By on February 20, 2008

smart-car.jpgPorsche reckons their UK sales are threatened by London's congestion charge hike, which will add £4k to the annual cost of Cap City Porker ownership. The Times Online reports that the Sultans of Stuttgart are giving the Mayor of London 14 days to respond to their protest before applying for a judicial review. Porsche argues that the extra congestion charge for cars in their emissions bracket is patently unfair, and not just to rich Yuppies. "Thousands of car owners driving a huge range of cars will be hit by a disproportionate tax," argues Andy Goss, managing director of Porsche Cars GB. "[It's]is clear will have a very limited effect on CO2 emissions." While not specifically playing the class warfare card, Mayor Livingston's office responded with predictable populist pap, weighing-in against the "tiny minority" driving high CO2 emitting automobiles in London. "No-one is allowed to throw their rubbish in the street and Porsche should not be allowed to impose gas-guzzling, polluting cars on Londoners who do not want them." So, off to the Old Bailey then…

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20 Comments on “Porsche v. Hizzoner the Mayor...”


  • avatar
    Justin Berkowitz

    “Porsche are trying to deprive Londoners of their democratic right to decide … whether they want gas-guzzling and polluting cars to drive in London when there is absolutely no need for them to do so”

    Wow, that’s a serious case of “If I want your opinion, I’ll tell you what it is.”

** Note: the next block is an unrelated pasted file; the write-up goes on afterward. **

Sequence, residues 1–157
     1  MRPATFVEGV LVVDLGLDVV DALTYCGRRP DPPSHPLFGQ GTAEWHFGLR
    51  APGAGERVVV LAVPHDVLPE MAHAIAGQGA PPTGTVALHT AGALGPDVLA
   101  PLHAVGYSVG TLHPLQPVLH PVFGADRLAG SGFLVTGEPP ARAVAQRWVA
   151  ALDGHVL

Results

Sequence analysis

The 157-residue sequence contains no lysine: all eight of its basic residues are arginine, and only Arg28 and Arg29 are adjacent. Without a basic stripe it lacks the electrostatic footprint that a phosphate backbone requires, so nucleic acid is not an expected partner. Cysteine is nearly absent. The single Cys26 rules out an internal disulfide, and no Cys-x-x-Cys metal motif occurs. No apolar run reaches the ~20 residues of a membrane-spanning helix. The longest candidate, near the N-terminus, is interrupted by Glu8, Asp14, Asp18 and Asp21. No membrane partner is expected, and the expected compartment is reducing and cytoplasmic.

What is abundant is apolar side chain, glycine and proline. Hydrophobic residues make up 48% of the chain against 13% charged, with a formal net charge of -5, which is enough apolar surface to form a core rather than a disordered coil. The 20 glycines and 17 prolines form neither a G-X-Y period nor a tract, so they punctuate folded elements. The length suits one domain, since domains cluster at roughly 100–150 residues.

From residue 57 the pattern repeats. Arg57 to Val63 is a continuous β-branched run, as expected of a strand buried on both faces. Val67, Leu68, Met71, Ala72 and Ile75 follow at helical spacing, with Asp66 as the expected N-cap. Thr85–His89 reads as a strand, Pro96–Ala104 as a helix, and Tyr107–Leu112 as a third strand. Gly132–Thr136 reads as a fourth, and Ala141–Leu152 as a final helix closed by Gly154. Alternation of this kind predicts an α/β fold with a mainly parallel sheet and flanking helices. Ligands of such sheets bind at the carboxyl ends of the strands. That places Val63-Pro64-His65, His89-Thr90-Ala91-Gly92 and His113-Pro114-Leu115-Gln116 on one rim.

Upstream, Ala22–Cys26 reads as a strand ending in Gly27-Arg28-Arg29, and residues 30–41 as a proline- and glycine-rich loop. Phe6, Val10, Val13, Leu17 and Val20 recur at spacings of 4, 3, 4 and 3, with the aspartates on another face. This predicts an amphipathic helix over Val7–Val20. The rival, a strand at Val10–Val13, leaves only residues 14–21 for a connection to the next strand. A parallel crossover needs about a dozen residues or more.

Not only does it deprive Londoners of their democratic right to decide whether they want to own a gas-guzzling and polluting car, but it imposes the mayor’s view (rather than being some kind of spokesman for the people). Awful.

  • avatar
    Edward Niedermeyer

    Democracy really starts to suck when elected officials become convinced that they are the will of the people… “by reducing your freedom, I represent you.”

  • avatar
    brownie

    Hello, London isn’t banning Porsche’s, it’s upping the congestion charge for them. That is not infringing on anyone’s right to own them.

    I’ll never understand the level of vitriol this site has against congestion charges in small areas of a handful of cities. If you don’t like it, why don’t you tell us your reasonable alternative?

  • avatar
    Virtual Insanity

    Banning them? No. But it is possible to tax them to death.

    This is what happens when you give power to the Crown and not the people underneath it. I do have to say I loved what James May said about Livingstone and these taxes on the Top Gear awards.

  • avatar
    guyincognito

    “If you don’t like it, why don’t you tell us your reasonable alternative?”